Adjustment Disorders

Adjustment disorders may be among the most common mental health diagnoses you will see in primary care.  

Adjustment disorders are defined as emotional or behavioral symptoms in response to an identifiable stressor occurring within 3 months of the onset of the stressor and either/both:

  • Distress out of proportion with expected reactions to stressor
  • Symptoms must be clinically significant and impairing


  • Distress and impairment are related to the stressor and not an escalation of existing mental health disorders.
  • The reaction isn’t part of normal bereavement
  • Once the stressor is removed or the person has begun to adjust and cope, the symptoms must subside within 6 months.


  • Adjustment disorder with depression
  • Adjustment disorder with anxiety
  • Adjustment disorder with mixed depression and anxiety
  • Adjustment disorder with disturbance of conduct

Essentially, a child or adolescent experiences a difficult or stressful event, like parental separation or divorce, an unwanted move to a new community or school, or the diagnosis of a serious illness, and they don't do well.  They develop symptoms of anxiety, depression, or exhibit behavioral disturbance, or some combination of all these.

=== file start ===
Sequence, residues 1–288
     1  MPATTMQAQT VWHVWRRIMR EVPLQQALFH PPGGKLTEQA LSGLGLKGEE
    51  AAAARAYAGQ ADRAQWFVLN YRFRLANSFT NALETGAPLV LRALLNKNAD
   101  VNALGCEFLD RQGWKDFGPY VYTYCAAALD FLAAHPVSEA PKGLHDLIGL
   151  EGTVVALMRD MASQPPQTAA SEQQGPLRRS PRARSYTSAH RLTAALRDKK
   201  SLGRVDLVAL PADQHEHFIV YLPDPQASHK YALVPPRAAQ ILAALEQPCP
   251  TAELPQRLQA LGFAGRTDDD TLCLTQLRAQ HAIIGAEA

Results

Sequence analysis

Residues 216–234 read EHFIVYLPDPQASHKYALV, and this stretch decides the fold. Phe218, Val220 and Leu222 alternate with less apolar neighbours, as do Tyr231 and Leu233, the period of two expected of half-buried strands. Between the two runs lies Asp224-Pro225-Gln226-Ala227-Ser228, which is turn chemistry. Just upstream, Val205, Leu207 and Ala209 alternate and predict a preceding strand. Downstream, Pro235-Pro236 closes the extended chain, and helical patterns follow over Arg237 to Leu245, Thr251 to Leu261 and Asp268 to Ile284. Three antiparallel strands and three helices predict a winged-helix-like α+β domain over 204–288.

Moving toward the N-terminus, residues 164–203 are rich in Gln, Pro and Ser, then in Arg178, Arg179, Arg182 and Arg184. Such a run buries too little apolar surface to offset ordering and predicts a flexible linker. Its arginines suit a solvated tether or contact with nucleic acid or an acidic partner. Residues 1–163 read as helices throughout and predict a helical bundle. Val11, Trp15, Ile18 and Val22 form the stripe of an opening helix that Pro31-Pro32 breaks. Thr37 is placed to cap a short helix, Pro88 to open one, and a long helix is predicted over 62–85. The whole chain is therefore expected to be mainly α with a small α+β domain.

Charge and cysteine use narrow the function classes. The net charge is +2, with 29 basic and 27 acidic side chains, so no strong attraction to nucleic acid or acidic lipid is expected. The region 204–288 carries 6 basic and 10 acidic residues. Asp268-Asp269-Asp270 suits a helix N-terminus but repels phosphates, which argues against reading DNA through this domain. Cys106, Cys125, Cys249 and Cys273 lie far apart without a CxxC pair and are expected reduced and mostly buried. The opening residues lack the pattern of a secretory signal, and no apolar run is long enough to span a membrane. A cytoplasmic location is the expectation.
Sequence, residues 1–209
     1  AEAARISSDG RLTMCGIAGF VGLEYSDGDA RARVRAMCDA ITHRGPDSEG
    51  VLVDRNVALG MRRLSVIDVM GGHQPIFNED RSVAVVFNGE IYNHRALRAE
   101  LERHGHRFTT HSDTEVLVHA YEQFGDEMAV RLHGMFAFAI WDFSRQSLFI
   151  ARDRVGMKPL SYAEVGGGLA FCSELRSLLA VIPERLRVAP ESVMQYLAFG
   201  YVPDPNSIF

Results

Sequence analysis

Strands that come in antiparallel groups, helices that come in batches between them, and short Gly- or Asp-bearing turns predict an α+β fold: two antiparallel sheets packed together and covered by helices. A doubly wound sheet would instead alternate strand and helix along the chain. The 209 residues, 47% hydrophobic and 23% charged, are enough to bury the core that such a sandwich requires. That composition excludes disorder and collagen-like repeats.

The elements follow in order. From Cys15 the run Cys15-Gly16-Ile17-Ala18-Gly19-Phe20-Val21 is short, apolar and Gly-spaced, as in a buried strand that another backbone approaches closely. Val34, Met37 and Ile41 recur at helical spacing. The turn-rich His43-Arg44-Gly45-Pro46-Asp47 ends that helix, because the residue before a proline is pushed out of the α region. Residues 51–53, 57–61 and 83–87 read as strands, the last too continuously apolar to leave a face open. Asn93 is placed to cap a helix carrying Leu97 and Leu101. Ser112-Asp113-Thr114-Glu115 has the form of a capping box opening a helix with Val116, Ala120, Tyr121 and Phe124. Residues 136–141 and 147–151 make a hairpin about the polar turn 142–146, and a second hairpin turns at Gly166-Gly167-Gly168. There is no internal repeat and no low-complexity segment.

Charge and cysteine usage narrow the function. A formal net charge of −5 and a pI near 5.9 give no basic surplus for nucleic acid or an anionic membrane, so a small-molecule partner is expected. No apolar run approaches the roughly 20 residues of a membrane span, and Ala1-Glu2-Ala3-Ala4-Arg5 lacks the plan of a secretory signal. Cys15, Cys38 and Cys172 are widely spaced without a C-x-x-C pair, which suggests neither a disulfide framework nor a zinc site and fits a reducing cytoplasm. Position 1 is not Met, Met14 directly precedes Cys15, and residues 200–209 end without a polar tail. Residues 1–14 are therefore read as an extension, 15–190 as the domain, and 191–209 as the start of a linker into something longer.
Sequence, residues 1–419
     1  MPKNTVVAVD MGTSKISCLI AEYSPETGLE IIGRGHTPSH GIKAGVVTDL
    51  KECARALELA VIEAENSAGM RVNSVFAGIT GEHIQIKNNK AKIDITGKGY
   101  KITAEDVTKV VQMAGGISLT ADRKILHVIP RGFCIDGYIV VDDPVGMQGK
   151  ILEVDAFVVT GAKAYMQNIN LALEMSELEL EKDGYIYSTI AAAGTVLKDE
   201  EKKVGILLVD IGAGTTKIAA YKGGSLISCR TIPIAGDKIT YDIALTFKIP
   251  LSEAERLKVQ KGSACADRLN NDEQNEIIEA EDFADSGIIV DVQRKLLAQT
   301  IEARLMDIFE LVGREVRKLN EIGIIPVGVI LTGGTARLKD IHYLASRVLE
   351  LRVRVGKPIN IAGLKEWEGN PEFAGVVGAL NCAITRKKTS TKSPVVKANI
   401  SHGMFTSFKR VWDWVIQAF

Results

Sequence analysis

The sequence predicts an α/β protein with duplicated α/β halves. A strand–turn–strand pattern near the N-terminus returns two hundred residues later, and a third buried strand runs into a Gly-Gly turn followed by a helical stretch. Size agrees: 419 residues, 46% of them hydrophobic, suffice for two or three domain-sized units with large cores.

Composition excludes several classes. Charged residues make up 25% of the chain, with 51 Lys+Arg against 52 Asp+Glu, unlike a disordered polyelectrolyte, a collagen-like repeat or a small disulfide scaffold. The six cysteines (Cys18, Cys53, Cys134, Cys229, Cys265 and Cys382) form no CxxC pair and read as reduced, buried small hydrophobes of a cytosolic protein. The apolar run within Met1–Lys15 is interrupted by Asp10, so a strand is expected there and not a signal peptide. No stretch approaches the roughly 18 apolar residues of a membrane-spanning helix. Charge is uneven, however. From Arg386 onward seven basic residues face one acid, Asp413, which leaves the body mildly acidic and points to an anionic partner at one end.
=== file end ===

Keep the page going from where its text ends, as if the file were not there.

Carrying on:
By definition, kids either get through an adjustment disorder and it resolves, or it worsens into something else such as a depressive episode or more chronic conduct problems.  


There is little research into the treatment of adjustment disorders in children and adolescents, but a pragmatic approach includes providing support, helping the child develop coping skills and strategies, and enlisting family support in mitigating the effects of the stressor to the extent possible. 

For example, in cases of parental divorce or separation, parental cooperation and consistency in treatment of the children can reduce the emotional impact.  Helping a child find new activities and peer groups in a new setting may improve the transition. 

Providing clear, developmentally appropriate information about a new medical diagnosis and treatment plan and offering ongoing support to the patient and family can reduce the stress of the diagnosis and reduce likelihood of disordered adjustment. 

In some cases, referral to psychotherapy may be appropriate.